CIRCUMSTANTIAL EVIDENCE

Have you ever witnessed something that shocked you to your core? I’m not talking about something as devastating as seeing people or animals injured or dead. No, nothing like that. I’m talking about seeing someone do something that alters your perception of that person. Specifically, seeing a respectable and upstanding member of your community exit a Thai massage parlour and immediately run across the road to a boutique florist. Seriously, I had to pick my jaw up off the ground and plug my eyeballs back into their sockets after seeing that!

“Mummy, what’s wrong?” My three-year-old son had asked me. “Mummy, what are you looking at? Why are your eyes all funny?”

My general practitioner had just exited THE DOOR. A sordid looking door nestled between two family friendly establishments in a community strip of shops. This door is the entrance to a dank and dark stairwell that leads to a Thai massage.

Have you ever wondered why the windows are always covered? What are they hiding? And what’s with the flashing neon open signs? Are they really a front for nefarious activities?

I have only been for a Thai massage once. It was a result of a cheap Groupon deal for two, an eager girlfriend and my temporary loss of sanity. It involved a dusty stairwell, a few wary female masseuses, a notable lack of English, questionable stains on the carpet and a whole heap of miming about no-go zones. There was not enough soap in the world that could have scrubbed the icky sensations left on my skin from that experience.

Not so long ago, I was sitting in my car waiting for my pizza order. I just so happened to be parked near a Thai massage parlour. In the space of twenty minutes, a tradie had plonked his ute in front of me, gone for his “massage” and left, all before my pizza was even ready for collection! Now tell me, what bloody massage is that quick? You can bet I gave him my biggest judgemental glare.

I have my suspicions. Yes, my doctor could be innocent. He might have needed a Thai massage and the only convenient time was during his lunch break. By chance, it may have been his wife’s birthday or their anniversary and after his “session”, it was convenient to stop by the florist on the way back to his clinic. He probably buys the world’s biggest bouquet of red roses on every special occasion, and this time was no different. Maybe it’s just a series of unrelated events. Though, I find it hard to believe because his actions suggest a man with a guilty conscience.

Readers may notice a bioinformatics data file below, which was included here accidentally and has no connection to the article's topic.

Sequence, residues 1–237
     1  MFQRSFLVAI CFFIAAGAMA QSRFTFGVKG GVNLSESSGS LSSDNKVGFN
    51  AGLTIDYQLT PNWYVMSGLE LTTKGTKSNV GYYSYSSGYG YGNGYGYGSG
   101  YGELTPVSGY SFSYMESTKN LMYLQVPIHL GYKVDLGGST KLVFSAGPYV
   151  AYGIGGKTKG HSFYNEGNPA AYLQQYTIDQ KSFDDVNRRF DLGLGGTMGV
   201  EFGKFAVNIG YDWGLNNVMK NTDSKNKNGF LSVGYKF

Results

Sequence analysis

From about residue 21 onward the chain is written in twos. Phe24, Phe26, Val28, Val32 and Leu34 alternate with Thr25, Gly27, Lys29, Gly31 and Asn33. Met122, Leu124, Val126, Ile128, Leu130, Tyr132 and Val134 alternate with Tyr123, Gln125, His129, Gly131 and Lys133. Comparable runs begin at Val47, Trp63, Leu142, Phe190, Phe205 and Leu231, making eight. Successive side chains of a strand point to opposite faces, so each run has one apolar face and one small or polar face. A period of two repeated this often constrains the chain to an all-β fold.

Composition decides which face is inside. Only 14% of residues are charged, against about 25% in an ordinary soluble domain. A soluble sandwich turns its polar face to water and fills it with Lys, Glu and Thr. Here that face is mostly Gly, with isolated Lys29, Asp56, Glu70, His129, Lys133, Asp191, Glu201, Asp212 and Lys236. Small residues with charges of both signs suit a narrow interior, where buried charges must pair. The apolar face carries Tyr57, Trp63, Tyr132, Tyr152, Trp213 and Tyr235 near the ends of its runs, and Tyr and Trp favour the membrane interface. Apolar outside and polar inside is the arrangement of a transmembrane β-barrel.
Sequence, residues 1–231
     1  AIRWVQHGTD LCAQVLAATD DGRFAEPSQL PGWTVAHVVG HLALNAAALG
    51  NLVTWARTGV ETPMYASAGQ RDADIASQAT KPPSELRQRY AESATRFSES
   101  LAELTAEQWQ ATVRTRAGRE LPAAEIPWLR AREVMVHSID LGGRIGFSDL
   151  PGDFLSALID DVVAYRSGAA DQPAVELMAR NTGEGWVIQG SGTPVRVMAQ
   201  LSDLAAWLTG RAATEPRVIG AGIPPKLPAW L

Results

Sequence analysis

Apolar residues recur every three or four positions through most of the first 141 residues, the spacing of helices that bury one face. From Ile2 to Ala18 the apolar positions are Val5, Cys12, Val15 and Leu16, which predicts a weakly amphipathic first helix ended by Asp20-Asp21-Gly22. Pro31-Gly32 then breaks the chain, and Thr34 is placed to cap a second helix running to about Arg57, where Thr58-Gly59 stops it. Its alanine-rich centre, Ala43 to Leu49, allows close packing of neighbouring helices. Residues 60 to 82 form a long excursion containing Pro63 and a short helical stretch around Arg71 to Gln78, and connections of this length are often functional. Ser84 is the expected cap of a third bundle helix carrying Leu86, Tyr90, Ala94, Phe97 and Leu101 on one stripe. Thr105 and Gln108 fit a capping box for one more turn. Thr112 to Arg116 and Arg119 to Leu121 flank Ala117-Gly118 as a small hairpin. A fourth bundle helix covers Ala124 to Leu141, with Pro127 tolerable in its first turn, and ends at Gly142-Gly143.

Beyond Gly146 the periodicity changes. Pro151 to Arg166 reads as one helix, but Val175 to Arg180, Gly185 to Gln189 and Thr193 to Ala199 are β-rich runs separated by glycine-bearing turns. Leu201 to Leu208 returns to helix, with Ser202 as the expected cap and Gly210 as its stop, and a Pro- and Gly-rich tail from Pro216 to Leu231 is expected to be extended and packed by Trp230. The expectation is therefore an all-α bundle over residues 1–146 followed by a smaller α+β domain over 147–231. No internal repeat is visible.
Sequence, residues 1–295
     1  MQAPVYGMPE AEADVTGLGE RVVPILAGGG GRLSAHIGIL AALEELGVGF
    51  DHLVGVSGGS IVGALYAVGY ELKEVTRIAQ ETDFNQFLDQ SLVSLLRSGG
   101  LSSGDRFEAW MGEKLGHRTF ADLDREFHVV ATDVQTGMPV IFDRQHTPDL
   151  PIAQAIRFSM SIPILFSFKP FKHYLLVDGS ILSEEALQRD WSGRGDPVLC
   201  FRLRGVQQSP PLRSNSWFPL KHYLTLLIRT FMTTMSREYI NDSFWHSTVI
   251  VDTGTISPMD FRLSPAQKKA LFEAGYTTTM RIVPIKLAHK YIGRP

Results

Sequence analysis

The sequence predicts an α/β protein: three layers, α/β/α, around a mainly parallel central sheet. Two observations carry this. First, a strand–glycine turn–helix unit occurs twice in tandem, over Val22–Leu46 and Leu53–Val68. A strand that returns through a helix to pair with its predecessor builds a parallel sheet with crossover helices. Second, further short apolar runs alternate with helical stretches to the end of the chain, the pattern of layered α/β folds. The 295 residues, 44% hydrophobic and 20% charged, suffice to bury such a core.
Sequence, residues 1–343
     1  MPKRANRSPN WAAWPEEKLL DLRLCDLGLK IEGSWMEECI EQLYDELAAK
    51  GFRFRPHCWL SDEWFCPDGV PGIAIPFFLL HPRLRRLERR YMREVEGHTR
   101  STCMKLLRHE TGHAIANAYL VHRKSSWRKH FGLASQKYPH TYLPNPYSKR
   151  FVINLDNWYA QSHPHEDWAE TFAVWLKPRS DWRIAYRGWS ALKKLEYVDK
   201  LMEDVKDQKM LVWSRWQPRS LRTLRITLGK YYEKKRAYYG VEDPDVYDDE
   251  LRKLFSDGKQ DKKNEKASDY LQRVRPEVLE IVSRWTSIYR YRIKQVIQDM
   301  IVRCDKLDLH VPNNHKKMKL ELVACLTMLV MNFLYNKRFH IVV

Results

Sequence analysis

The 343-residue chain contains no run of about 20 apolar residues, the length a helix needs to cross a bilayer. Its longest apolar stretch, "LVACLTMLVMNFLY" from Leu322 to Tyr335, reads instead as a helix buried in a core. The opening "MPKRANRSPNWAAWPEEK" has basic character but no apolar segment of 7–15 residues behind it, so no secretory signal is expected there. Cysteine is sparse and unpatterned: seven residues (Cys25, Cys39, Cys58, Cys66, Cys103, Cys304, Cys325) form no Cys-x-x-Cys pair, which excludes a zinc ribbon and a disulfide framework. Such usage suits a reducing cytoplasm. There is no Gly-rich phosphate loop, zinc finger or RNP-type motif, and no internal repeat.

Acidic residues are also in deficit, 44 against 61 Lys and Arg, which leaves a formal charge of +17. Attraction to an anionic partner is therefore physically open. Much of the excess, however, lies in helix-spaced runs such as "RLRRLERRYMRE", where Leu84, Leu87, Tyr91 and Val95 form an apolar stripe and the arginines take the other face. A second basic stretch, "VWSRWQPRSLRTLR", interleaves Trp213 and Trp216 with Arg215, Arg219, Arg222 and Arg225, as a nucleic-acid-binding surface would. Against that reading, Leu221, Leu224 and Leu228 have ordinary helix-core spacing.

You can probably sense my strong dislike for these businesses. If you tell me that you frequent these places for legitimate massages, chances are I will automatically think the worst of you. And if you bring me flowers for no apparent reason, I might judge you on the size of the bouquet… the larger the bunch, the bigger the guilt.

Am I jumping to conclusions too readily? Is my perception coloured by my experience and pessimism? Maybe the reason people aren’t as affected by the sight of men coming and going from massage parlours is because mostly, nothing untoward happens. Maybe people do simply go for massages because they are effective and cheaper than treatment with a physio. And your partner randomly giving you flowers is sweet and doesn’t equate to any misdeeds. Am I too judgmental and see the worst in people too quickly. Could I have delicate sensibilities?

Whatever. The bottom line is this… If I ever get random flowers from my husband, there will be hell to pay. Oh, and we’re getting a new doctor.

Copyright © 2019, KN J Tales and Snippets. All rights reserved.

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THE DREADED SCHOOL RUN

When my daughter started primary school, I had a master plan. Despite suffering from crippling social anxiety, I was going to shove my insecurities deep down where the sun doesn’t shine, pull up my big girl pants, and be sociable. I was going to make an effort to introduce myself to other mums because I understood that I was the gateway to my daughter’s social life, and I wanted her to have positive experiences. I didn’t want people to see me as the awkward and antisocial person that seldom spoke and therefore, unfairly judge my daughter.